Effects of the aforementioned first embodiment are now described. The P+-type gate electrode 35 is doped with nitrogen, whereby diffusion of boron is suppressed. Namely, nitrogen is in the same hole diffusion mechanism as boron, and has a larger diffusion coefficient than boron. When nitrogen is mutually diffused with boron, therefore, nitrogen occupies holes, which are diffusion paths, in advance. Consequently, it is possible to suppress diffusion of boron, thereby inhibiting boron from punching through the channel region 10. Thus, it is possible to effectively suppress fluctuation of the threshold voltage. Further, the depth and concentration distribution of nitrogen as doped can be readily controlled through ion implantation.

The P+-type gate electrode 35 is doped with nitrogen in its upper portion and heat treated, whereby nitrogen is deposited in the gate oxide film 36. Consequently, an interfacial level is reduced in the interface between the gate oxide film 36 which is formed by a silicon oxide film and the N-type silicon substrate 1 which is made of silicon. Thus, it is possible to improve reliability of the gate oxide film 36, while effectively improving hot carrier resistance.

FIG. 9 shows levels of reliability of gate oxide films provided in a conventional MOS transistor and a MOS transistor having a gate electrode doped with nitrogen, which were evaluated by a constant current stress method. Referring to FIG. 9, it is understood that dielectric breakdown resistance is improved when nitrogen is implanted into the gate electrode 35 so that nitrogen is deposited in the gate oxide film 36. Thus, the gate oxide film 36 is improved in reliability.

FIG. 10 shows dependence of change in threshold voltage of a PMOS transistor, caused by hot carrier implantation, on a nitrogen injection rate. Referring to FIG. 10, the change of threshold voltage was measured after application of a constant stress voltage for about 1000 seconds. It is understood that the change of the threshold voltage is reduced when the nitrogen injection rate for the gate electrode 35 is increased. In other words, it is understood that hot carrier resistance of the PMOS transistor is improved when the gate electrode 35 is doped with nitrogen to deposit nitrogen in the gate oxide film 36.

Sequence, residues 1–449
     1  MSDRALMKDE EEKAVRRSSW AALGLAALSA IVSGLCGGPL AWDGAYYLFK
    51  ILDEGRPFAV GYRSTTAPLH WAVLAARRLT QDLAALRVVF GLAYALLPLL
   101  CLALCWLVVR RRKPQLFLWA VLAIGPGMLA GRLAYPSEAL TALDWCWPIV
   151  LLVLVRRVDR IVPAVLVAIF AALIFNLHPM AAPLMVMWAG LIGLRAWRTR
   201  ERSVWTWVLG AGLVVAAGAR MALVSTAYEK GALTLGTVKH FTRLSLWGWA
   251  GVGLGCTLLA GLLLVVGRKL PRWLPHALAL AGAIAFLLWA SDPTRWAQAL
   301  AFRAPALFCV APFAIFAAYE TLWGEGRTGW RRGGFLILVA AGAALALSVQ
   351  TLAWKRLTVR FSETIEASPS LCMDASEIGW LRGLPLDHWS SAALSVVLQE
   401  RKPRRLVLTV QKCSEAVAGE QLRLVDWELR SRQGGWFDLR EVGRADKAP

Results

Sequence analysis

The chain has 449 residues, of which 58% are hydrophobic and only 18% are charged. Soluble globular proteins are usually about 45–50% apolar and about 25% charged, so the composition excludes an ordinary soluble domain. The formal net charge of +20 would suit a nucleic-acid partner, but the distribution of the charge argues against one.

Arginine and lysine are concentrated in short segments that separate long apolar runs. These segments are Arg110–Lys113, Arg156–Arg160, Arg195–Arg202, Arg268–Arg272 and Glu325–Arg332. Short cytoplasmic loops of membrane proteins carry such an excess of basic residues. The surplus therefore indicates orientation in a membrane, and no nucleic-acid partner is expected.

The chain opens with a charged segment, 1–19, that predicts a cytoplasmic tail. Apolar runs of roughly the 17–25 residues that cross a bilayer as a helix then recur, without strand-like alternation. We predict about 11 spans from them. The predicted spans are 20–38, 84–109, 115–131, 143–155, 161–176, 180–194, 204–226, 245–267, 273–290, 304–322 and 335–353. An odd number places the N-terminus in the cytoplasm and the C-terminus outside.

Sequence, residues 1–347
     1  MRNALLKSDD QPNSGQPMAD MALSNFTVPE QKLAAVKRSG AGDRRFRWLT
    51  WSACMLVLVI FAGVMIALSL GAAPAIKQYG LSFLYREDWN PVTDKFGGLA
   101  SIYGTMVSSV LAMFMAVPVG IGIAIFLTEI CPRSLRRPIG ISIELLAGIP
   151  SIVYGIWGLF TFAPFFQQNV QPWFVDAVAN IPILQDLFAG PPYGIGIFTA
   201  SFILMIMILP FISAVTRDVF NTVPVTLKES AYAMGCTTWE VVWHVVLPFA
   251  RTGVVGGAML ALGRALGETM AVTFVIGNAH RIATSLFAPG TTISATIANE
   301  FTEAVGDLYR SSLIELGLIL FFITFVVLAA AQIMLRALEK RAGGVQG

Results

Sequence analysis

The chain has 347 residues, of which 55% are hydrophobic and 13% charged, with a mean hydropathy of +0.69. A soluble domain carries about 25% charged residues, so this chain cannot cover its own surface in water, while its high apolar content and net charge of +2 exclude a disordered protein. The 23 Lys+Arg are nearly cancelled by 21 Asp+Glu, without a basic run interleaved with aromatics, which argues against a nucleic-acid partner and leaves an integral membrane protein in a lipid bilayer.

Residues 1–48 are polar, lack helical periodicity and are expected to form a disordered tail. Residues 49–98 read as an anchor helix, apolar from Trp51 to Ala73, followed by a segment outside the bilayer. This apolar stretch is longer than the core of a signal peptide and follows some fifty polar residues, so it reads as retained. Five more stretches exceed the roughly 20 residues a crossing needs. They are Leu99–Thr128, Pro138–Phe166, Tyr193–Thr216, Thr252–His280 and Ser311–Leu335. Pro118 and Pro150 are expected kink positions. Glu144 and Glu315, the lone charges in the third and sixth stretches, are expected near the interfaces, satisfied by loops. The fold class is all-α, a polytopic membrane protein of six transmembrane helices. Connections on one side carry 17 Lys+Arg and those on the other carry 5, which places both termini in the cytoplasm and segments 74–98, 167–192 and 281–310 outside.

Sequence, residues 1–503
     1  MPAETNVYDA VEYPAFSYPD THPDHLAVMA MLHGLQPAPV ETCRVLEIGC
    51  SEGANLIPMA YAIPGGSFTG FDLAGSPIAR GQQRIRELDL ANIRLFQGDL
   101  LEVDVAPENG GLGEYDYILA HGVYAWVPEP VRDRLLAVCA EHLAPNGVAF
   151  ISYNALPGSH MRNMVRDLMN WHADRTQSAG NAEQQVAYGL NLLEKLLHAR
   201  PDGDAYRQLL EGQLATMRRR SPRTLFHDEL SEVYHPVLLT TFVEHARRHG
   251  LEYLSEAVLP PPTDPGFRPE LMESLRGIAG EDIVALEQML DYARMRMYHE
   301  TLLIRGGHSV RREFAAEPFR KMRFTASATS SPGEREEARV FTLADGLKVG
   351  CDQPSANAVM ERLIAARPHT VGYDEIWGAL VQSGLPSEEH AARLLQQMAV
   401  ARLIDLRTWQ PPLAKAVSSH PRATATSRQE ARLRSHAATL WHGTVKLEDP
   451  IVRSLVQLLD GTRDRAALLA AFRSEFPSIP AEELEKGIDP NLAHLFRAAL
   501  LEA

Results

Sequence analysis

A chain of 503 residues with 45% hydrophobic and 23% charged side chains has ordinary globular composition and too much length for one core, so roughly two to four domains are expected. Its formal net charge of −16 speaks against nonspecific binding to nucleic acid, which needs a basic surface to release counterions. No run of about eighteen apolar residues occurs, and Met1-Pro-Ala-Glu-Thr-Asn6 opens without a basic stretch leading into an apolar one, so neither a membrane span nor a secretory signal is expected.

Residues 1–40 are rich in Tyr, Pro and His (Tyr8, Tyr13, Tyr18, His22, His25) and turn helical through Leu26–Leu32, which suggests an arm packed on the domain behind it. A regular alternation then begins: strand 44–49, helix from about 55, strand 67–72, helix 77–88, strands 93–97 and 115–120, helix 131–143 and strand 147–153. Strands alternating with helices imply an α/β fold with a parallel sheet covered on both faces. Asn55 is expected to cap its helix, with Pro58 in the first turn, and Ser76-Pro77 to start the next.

A nitrogen concentration peak in the nitrogen-doped region 30 in the gate electrode 35 and the gate oxide film 36 is preferably set in a range of 1019/cm3 to 1021/cm3. Therefore, the injection rate for nitrogen ions may be set in a range of 1014/cm2 to 1016/cm2 in the fabrication step. The aforementioned effects cannot be attained if the nitrogen concentration peak is lower than 1019/cm3. When the nitrogen concentration peak in the gate oxide film 36 is higher than 1021/cm3, mobility of channel electrons is deteriorated and hence electrical properties of the MOS transistor are deteriorated.

With reference to FIG. 11, a PMOS transistor according to a second embodiment of the present invention is now described. As shown in FIG. 11, nitrogen-doped regions 30 are formed in source/drain regions 6 according to the second embodiment. Referring to FIG. 12, it is understood that junction planes of the source/drain regions 6 shown in FIG. 11 are not doped with nitrogen but contains only boron. Namely, it is understood that the nitrogen-doped regions 30 exist in the source/drain regions 6 which are doped with boron.

With reference to FIGS. 13 to 17, an exemplary fabrication process for the PMOS transistor according to the second embodiment shown in FIG. 11 is now described.

First, element isolation oxide film 7 are formed on an N-type silicon substrate 1, as shown in FIG. 13. Then, an oxide film 2 a of about 100 Å in thickness is formed by thermal oxidation. Thereafter a polysilicon film 3 a which is doped with phosphorus by about 520/cm3 is formed in a thickness of about 2000 Å by CVD. Further, an oxide film 4 a of about 2000 Å in thickness is formed on the polysilicon film 3 a by CVD. The oxide film 4 a and the polysilicon film 3 a are patterned by photolithography and anisotropic etching, thereby forming a gate electrode 3 and an oxide film 4 shown in FIG. 14.